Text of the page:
Youth Strength Training….Risky or Just Misunderstood?
Strength training is often regarded as the quickest way to make sure your children do not grow, stop eating their vegetables and take up a life of crime, but is this reputation warranted? Are kids really not designed for load bearing movement? Or have we fallen victim to believing anything we hear?
With this post, we will delve into how kids grow, what happens when they are exposed to weighted movements, common misconceptions and much more! Without further ado, lets get this party started with some growth plate talk!
Growth plates in children are areas of developing cartilage tissue near the ends of long bones; they are softer than the nearby bone and the surrounding connective tissue. Growth in children does not occur from the center out; instead, growth occurs at the end of the bone around the growth plate. The big misconception is that injuries to the growth plates will stunt or stop growth while the actual statistic puts growth related issues in only 1%-10% of growth plate related issues and these do not stem from strength training. These issues occur from sudden traumatic falls.
Growth plate injuries are uncommon in strength training and weight bearing movements. In fact, growth plate injuries are most common in high impact sports such as football, basketball, gymnastics, and cheerleading where a sudden impact to the area often occurs. These sports account for 1/3 of all growth plate injuries. Another 1/5 of growth plate injuries occur in activities like skiing and skateboarding where sudden traumatic falls can occur.
Strength training can benefit children in many different ways including:
- Increase a child’s muscle strength and endurance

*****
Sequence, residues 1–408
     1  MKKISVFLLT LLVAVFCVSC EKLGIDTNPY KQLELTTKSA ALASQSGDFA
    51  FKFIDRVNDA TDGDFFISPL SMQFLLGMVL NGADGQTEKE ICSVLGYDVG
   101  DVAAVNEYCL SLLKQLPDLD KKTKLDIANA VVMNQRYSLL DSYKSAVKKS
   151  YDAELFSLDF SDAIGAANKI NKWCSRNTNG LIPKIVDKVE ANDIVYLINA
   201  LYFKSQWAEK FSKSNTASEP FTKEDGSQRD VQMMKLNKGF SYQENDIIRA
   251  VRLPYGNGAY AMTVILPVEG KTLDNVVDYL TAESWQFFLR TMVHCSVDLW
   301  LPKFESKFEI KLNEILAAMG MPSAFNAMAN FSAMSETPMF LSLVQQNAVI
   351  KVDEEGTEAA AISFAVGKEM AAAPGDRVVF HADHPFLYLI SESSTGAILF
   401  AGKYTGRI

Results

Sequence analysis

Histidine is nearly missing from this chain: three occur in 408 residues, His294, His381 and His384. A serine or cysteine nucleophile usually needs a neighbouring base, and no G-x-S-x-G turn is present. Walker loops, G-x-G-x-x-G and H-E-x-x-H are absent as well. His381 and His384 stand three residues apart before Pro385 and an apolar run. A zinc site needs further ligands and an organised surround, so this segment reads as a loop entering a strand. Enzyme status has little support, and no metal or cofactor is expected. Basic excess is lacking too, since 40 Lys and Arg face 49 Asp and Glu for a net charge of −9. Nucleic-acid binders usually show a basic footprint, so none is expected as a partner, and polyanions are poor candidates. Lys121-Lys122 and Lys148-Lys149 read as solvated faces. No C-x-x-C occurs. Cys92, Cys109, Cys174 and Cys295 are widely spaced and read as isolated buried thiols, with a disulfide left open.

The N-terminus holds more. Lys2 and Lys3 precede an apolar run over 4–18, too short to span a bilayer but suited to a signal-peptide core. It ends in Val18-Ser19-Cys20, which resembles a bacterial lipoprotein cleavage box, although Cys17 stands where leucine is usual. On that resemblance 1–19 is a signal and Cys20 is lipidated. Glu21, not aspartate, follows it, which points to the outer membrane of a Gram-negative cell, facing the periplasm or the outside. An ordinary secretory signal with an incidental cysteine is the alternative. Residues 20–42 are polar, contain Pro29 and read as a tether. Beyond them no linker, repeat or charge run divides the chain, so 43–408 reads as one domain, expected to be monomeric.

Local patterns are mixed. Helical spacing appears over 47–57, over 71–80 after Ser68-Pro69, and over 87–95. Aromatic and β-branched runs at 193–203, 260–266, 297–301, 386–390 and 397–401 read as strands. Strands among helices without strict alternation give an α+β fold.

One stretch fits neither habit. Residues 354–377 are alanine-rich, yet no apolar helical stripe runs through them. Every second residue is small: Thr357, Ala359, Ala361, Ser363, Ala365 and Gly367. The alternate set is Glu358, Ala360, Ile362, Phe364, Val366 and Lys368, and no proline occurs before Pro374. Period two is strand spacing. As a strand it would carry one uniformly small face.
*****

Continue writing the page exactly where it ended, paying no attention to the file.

- Help protect a child’s limbs and joints from sports related injuries
- Strengthen a child’s bones
- Promote overall health and wellness
- Improve confidence and self-esteem
- Neuromuscular coordination
So what is a good approach to get your child in a strength training program? First, find a good coaching staff with training and experience working with children. Ideally, this coaching staff will have a skill based strength training program that takes the child from learning the proper movement patterns with little to no weight to developing strength and eventually adding weight. The program should also include plenty of core/abs/low back work to ensure that the child develops strength in the key movement area of the body. The child’s coaching staff should also be made aware of how much children are training or doing other sports outside of the strength training program so that they can prepare an adequate program for the child.
At StoneAgeFuel our youth Weightlifters spend 4 weeks learning and drilling key positions for all weighted movements with a PVC pipe and developing strength in the core/abs/low back. This ensures that the children will be capable of the movements and will have the strength to successfully perform them. The next 4 weeks are devoted to more core/ab/low back work, more complicated movement drilling, squatting and pressing with 10lb-15lb training bars. The final 4 weeks are devoted to learning the Weightlifting movements under a very light load with emphasis on maintaining perfect technique. All of this is relative to age, ability levels, and strength as our youth range in age from 5-17.
This is one of our Youth Weightlifters (11 y/o) doing some light drilling and working on squat positioning: